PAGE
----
The Dirty Dozen: 12 Fruits & Vegetables You Must Buy Organic Now

by Gregory
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The Whole Planet was Organic!

Our ancestors had it great.   Even Adam and Eve in the garden of Eden (sans the snake of course).  No toxic pesticides or fertilizers existed for time immemorial until the Industrial Age.  The fecund earth nurtured the crops and our ancestors naturally fertilized and harvested it.

One of the causalities of the modern production of food is the extensive use of pesticides, fertilizers, and growth factors.  Produce manufactures cover their crops with these poisons as much as I used to cover my fries with ketchup. Ostensibly, pesticides are used to combat pestilence, a scourge on any produce-grower, for it can calamitously wipe out their crop.  (Think of the plagues of the Book of Exodus.) And they utilize fertilizers to rapidly increase the yield of their crops.

The industrial-level pesticides are know to be deleterious to your health.  They are proven endocrine (hormone) disruptors, and have been linked to developmental disorders, asthma, GI ailments, infertility, and even cancer. Roundup (glyphosate)Salad, Lamb'S Lettuce, Lettuce Leaves is perhaps the most well-known and used pesticide/weedkiller.

Genetically-modified-organisms (GMO) crops exacerbate the matter.  Monsanto and the other Big Food companies have made crops that are more resistant to drought, temperature fluctuations, and pestilence.  As such they are able to douse their crops with even more pesticides since the crops can resist them.  Almost all of our corn, soybean, and beans are GMO in America.

Go Green and Local!

Fortunately, alternatives exists.  Local farms tend to use more benign, sustainable forms of pesticide.  Also, organic producers of fruits & vegetables are prohibited from using the industrial-grade pesticides and fertilizers.  They also don’t produce GMO foods.

The Environmental Working Group (EWG), an esteemed consumer rights organizations, releases their annual list of most pesticide-laden fruits and vegetables.  They are called the Dirty Dozen.  This list fluctuates a bit year-to-year but you will see the same culprits most years.  (Some produce absorbs more pesticides than others.  The difference in absorption rates may be determined by thickness of the skin/rind or other factors.) The produce on this list should be purchased organic or locally. (Local farmers, who sell their crops through Farmer’s Markets or Co-ops, tend to be more conscious of the use of toxic pesticides.)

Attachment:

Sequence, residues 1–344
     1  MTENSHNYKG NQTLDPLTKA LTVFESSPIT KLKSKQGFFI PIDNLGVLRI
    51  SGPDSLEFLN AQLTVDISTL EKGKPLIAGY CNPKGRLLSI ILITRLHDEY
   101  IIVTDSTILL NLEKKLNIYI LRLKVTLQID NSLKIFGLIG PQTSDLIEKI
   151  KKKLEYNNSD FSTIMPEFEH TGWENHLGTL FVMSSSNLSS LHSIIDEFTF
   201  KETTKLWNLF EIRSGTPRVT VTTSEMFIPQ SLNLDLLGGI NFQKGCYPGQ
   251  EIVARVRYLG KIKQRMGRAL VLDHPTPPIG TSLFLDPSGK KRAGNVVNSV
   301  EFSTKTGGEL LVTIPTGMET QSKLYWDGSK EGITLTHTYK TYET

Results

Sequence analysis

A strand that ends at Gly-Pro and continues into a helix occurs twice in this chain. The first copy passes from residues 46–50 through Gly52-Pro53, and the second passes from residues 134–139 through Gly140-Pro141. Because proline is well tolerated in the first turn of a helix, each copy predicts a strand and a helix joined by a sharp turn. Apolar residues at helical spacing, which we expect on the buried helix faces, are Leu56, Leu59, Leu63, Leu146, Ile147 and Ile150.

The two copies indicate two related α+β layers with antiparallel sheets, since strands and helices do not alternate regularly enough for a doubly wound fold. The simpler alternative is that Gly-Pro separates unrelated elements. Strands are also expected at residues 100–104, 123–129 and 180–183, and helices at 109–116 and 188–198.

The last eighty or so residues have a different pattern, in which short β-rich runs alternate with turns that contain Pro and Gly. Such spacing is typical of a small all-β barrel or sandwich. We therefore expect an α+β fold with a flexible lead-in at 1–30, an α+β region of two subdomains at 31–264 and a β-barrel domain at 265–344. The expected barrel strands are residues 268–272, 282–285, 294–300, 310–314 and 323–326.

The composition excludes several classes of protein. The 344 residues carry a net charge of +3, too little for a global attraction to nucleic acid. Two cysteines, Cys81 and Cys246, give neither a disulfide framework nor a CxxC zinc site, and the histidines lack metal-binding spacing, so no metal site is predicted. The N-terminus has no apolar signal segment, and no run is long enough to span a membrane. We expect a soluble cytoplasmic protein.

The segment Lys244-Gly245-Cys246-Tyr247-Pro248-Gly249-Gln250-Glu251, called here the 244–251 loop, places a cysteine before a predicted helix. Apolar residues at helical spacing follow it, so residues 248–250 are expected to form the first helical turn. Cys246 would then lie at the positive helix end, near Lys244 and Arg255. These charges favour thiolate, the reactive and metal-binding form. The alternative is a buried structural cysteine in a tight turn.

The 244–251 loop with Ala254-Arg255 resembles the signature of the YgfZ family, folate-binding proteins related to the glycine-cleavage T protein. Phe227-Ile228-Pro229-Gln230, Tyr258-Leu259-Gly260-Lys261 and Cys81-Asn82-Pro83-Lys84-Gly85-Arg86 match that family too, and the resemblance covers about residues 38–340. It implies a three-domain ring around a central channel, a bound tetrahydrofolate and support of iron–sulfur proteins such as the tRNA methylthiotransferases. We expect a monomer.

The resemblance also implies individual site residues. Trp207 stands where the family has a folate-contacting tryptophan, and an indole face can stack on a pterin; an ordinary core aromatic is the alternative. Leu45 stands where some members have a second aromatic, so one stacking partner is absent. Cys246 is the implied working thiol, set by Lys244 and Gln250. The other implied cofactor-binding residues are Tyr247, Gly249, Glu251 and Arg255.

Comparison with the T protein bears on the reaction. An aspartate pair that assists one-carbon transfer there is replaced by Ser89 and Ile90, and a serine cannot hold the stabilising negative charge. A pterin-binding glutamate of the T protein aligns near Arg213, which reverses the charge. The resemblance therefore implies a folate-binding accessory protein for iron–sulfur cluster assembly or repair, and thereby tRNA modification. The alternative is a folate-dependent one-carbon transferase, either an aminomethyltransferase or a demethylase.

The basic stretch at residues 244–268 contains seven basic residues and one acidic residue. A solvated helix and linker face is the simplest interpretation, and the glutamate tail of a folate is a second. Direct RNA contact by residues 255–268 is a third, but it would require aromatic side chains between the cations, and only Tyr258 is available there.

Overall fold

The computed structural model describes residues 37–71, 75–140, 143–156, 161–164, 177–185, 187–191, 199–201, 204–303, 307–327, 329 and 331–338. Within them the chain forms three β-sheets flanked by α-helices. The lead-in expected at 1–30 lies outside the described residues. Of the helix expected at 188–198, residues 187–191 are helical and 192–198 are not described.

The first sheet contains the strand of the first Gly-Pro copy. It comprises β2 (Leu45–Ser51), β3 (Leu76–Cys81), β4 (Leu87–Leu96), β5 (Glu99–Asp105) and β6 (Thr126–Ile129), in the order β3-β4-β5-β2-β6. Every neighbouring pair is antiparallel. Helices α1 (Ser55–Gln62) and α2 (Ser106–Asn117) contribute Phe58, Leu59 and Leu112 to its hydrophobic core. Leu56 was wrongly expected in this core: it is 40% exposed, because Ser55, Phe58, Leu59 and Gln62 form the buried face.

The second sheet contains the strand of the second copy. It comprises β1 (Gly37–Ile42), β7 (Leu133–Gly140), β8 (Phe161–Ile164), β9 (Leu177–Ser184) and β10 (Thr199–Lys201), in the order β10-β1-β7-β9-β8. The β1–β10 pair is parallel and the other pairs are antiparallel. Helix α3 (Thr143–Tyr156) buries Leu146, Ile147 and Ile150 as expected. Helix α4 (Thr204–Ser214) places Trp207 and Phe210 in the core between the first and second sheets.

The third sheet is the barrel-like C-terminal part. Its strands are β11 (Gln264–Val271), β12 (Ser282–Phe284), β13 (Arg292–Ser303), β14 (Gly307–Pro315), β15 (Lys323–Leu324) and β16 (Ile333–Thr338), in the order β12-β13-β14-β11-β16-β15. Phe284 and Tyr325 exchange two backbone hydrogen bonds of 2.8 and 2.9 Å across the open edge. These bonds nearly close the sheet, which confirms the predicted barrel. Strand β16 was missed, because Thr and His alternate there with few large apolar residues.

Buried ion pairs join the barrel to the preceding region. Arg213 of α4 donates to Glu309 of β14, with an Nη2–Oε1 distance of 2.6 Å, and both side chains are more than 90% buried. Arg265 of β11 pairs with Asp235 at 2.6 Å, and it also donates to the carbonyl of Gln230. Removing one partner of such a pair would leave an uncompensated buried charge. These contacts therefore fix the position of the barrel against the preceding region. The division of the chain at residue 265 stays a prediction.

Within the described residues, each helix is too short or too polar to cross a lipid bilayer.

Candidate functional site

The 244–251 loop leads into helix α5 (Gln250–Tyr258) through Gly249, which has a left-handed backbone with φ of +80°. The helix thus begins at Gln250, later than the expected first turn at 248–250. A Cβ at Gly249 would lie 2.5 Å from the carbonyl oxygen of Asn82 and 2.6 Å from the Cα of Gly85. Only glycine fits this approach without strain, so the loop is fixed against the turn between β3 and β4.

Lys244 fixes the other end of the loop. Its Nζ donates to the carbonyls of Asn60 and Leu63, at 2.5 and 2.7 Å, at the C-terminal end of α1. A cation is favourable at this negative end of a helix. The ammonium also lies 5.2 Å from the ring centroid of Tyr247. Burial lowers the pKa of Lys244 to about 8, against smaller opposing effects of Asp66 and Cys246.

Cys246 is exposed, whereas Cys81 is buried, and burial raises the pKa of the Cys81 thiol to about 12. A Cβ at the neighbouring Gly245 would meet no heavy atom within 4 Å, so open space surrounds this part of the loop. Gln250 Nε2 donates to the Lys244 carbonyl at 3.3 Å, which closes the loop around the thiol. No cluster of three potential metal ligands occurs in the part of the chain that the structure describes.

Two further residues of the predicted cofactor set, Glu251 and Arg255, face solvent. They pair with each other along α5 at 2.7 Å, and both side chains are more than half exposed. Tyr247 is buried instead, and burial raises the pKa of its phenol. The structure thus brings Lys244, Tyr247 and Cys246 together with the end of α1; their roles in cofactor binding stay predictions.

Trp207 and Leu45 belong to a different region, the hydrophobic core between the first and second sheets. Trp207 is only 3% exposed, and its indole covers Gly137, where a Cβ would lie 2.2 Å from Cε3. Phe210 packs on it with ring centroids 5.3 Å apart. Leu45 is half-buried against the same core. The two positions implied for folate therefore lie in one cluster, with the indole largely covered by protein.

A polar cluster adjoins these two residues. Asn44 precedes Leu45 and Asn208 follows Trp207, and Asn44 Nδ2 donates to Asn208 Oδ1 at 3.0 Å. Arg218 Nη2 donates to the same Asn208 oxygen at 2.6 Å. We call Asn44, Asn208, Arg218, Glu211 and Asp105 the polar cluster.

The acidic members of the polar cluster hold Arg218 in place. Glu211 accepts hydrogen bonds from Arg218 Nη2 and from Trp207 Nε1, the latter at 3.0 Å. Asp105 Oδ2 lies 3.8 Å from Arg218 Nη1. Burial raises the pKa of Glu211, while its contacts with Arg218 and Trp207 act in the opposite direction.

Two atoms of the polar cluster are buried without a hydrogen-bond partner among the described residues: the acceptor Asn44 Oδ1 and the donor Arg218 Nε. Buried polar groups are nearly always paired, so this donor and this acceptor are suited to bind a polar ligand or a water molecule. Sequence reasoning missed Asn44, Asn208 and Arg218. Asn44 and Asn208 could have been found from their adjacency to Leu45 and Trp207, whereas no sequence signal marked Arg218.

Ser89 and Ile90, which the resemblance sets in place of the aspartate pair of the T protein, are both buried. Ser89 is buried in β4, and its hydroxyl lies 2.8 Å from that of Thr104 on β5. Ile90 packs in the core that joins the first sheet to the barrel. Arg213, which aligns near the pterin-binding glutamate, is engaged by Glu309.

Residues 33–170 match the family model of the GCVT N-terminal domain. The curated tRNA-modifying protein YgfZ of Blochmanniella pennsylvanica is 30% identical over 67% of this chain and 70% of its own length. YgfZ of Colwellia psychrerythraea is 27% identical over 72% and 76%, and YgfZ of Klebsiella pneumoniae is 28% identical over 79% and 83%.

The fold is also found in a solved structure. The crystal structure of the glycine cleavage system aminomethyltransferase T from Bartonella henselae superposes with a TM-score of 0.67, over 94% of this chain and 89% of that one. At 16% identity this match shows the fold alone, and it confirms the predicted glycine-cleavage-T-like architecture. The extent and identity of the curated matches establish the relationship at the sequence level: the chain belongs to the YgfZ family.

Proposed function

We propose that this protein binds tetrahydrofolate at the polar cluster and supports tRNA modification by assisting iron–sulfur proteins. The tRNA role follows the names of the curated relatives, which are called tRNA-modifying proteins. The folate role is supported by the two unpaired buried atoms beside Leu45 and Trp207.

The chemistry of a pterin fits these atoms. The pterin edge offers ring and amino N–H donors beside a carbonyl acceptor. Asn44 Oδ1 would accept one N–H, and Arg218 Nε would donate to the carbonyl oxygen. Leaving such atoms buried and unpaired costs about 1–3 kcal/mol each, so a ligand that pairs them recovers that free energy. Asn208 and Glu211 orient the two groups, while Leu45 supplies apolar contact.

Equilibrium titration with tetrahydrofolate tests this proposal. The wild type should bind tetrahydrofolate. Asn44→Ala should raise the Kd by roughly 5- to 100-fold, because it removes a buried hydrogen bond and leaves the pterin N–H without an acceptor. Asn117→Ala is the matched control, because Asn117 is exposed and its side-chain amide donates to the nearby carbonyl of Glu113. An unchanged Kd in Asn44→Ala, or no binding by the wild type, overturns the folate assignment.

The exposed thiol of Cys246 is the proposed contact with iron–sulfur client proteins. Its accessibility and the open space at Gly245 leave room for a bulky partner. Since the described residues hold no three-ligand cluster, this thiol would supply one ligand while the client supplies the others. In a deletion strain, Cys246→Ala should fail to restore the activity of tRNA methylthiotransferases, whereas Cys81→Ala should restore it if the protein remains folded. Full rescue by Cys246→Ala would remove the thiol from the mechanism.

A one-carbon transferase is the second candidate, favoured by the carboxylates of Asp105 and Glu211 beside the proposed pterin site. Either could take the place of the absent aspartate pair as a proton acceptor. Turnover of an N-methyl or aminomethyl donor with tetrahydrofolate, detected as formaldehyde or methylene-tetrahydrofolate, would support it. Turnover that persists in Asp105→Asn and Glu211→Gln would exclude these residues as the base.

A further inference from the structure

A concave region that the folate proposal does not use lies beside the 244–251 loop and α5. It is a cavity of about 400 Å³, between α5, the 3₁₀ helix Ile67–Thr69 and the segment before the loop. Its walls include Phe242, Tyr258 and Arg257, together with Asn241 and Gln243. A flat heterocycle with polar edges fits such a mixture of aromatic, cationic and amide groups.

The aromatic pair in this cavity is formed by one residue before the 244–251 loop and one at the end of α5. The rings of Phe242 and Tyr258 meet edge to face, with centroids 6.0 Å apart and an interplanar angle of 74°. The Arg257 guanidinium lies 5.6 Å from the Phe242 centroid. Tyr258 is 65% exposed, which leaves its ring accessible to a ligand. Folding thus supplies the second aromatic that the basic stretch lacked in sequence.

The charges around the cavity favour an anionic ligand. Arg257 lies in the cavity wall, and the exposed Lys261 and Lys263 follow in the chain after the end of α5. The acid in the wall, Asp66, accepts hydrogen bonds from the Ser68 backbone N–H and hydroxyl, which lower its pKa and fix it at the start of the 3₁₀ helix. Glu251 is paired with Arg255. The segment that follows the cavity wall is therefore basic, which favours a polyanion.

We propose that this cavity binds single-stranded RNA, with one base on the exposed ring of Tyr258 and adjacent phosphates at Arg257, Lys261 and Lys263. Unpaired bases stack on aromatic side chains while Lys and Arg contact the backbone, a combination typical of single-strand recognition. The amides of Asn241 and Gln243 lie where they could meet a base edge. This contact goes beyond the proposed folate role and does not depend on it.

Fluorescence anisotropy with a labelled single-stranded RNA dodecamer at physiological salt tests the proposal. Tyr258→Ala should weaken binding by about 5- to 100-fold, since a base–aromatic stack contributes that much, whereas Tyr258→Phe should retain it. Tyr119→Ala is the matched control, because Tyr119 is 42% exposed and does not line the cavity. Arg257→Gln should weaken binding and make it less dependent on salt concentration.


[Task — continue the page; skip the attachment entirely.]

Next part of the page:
Conversely, the EWG releases the Clean Fifteen, the produce which absorb very little pesticides and thus may be purchased in their conventional manner.  Like the Dirty Dozen, these pristine ones don’t tend to stray much.

All produce not mentioned in either the Dirty Dozen or Clean Fifteen fall in the middle of the spectrum.  It is up to your discretion whether to be them organic or not.

Takeaway

  1. Grow your own.  Buy produce that is in season or at least not shipped in from across the globe where productions standards might be more laxed and simply they won’t be as fresh.Vegetables, Garden, Harvest, Organic
  2. I would say it is best to consume produce that is laden with toxins than not eat any at all.  The nutrient-dense qualities of fruits and vegetables supersede the overall need to eschew them due to their pesticide level.  That would be counterproductive to the body.
  3. Many of us (including poor teachers like myself) can’t afford to buy organic meat, dairy, and produce so pick your poison.  Vis-a-vis which to buy organic I would rank them meat, then dairy, and then produce. (or omit dairy altogether).  Luckily many on the dirty dozen are relatively cheap to buy organic.

As stated, don’t shy away from produce because of the pesticide worry.  Use the EWG information to make wise and sensible choices, based on which produce is the most nutrient-dense and which is lightest on the wallet.  Berries and cruciferous vegetables (spinach, broccoli, kale) satisfy this criteria the best.

Please read my weight loss backstory here.  I would greatly appreciate it if you would check out my podcast.

A. Gregory Luna, double-certified health consultant

(I would appreciate your comments below.)

 

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